Drew also said he struggled with the strike zone in 2010. Drew’s career walk rate is an outstanding 14% and he is considered to be a master of the strike zone. However, his OBP in 2010 was the lowest it has been since Drew’s rookie year. Drew indicated that he got into his own head and started to swing at pitches he normally would not. Drew told Bradford, “My whole thing is quality at-bats. I had a really tough time with that last year. I had fits trying to have quality at-bats. I think you watched and saw on TV.” 2010 did seem to be the year of the pitcher, and I suppose it is possible that umpires consciously were looser with their strike zones in 2010. However I tend to think that this was just a statistical fluctuation and that Drew should see his walk rate rise from the 11% of 2010, closer to his career mark of 14%. Same is true of his average. His batting average on balls hit in play (babip) was .282 last year, which should regress towards his career average of .314 bringing his batting average north with it.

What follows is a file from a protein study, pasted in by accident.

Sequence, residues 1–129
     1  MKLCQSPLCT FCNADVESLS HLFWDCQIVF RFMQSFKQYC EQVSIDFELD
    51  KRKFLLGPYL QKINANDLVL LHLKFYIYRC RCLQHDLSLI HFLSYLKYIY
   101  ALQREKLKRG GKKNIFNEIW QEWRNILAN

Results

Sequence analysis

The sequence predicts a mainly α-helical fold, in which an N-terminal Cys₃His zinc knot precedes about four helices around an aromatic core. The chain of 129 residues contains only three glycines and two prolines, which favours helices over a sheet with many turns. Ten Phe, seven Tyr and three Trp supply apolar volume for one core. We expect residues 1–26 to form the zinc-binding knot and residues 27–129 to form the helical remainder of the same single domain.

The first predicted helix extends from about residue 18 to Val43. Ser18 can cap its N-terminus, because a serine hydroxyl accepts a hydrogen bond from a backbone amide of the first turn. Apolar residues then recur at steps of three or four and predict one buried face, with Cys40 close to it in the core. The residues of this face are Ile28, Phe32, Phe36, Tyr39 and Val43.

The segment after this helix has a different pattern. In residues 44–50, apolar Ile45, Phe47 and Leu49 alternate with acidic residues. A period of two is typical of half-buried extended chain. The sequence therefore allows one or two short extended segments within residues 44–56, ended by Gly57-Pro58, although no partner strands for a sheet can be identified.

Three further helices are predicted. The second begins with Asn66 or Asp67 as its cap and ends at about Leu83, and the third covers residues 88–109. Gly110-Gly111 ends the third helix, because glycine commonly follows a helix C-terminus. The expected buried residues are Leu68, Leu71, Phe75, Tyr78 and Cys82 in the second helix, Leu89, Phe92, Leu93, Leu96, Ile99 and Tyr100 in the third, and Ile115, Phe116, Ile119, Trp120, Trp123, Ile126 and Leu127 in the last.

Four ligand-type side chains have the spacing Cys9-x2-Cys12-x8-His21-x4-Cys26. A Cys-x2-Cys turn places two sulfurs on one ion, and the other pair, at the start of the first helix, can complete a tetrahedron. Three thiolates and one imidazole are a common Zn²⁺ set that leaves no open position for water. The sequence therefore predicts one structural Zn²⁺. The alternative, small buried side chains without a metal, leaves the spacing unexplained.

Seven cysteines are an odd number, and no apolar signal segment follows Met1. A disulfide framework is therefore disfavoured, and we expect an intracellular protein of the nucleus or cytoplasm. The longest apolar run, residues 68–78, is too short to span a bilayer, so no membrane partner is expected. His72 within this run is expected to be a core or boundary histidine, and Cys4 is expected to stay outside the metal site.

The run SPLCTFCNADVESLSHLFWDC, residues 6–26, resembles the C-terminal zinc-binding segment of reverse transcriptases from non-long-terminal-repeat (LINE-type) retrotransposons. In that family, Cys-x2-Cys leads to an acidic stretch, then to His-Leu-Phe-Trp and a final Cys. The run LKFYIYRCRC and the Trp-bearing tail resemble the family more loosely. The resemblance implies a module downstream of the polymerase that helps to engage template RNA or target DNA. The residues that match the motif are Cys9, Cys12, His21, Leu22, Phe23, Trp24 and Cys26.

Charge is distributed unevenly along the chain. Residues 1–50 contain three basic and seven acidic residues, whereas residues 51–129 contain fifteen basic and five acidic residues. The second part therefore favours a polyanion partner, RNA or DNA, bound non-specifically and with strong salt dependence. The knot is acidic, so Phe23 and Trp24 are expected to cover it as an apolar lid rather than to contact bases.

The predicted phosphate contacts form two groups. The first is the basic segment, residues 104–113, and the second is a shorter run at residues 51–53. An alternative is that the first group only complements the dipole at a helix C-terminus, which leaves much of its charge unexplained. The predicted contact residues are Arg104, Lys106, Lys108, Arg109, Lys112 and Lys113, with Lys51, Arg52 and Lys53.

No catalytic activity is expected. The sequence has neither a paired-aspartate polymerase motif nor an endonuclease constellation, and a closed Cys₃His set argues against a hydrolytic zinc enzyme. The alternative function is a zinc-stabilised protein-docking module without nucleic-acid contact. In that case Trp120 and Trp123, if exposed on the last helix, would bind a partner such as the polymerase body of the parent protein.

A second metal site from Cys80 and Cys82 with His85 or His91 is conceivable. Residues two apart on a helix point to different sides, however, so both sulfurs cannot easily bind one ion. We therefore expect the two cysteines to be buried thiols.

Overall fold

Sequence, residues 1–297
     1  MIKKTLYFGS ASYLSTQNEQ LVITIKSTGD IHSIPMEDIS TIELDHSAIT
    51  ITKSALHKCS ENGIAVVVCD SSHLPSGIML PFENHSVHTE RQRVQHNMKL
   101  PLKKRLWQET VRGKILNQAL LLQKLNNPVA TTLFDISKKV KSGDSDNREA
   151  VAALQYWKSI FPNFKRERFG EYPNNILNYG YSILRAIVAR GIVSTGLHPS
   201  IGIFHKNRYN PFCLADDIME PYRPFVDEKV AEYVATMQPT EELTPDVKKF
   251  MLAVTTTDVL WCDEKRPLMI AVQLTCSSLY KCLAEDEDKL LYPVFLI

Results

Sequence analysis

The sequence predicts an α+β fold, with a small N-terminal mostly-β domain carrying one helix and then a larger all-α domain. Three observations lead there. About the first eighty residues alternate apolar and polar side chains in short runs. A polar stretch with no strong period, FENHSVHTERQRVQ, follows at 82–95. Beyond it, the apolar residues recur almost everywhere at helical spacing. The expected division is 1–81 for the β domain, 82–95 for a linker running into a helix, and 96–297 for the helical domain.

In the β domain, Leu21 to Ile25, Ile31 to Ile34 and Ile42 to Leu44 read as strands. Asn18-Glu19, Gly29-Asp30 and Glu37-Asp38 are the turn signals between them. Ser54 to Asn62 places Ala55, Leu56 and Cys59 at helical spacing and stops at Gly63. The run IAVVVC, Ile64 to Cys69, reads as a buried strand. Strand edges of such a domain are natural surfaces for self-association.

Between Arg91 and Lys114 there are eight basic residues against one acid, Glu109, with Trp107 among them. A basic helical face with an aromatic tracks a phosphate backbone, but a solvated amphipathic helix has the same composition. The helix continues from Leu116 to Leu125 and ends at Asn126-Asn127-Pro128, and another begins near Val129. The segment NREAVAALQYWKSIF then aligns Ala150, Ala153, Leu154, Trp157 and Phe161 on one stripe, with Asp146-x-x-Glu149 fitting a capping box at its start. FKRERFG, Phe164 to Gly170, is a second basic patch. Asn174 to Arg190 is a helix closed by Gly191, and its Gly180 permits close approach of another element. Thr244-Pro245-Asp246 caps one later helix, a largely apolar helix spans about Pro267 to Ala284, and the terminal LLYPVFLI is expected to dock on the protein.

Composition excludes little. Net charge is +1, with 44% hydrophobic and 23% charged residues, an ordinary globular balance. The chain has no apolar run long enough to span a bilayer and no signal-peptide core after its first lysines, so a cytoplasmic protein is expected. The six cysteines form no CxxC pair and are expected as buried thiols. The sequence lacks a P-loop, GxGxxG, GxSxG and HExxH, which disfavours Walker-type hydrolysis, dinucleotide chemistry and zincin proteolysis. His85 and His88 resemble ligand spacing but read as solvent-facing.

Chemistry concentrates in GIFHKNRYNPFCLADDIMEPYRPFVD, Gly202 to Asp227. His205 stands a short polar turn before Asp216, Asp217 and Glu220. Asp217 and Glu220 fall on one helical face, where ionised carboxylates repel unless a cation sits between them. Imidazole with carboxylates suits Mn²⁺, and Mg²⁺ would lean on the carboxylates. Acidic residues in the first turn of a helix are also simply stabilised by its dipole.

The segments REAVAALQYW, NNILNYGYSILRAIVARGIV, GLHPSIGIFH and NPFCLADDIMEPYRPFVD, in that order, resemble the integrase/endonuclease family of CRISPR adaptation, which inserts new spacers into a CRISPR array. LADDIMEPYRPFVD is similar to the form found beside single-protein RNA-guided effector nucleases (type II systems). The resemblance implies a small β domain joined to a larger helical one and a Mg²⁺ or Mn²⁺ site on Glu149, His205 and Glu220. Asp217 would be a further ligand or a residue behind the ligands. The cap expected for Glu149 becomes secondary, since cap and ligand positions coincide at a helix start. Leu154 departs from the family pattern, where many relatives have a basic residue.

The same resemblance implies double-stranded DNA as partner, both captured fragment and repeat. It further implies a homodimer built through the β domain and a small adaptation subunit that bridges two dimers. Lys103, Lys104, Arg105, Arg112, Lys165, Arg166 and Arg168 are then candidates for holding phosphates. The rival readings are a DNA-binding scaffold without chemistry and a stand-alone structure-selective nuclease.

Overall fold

Paying Drew $70 million over five years may seem like a lot for a guy who has not had a career year in any statistical category since joining the Red Sox and also has not been able to remain healthy. While this does seem like the case, it is Drew’s versatility that makes him so consistently valuable. His ability to contribute with the glove as well as with his eye and bat are what makes him worth his contract. Theo Epstein indicated as much, and it prompted the guys over at Fan Graphs to take a look at it. Their conclusion was that Drew’s contract has paid him perfectly appropriately for the value he has returned, even with the time missed to injury.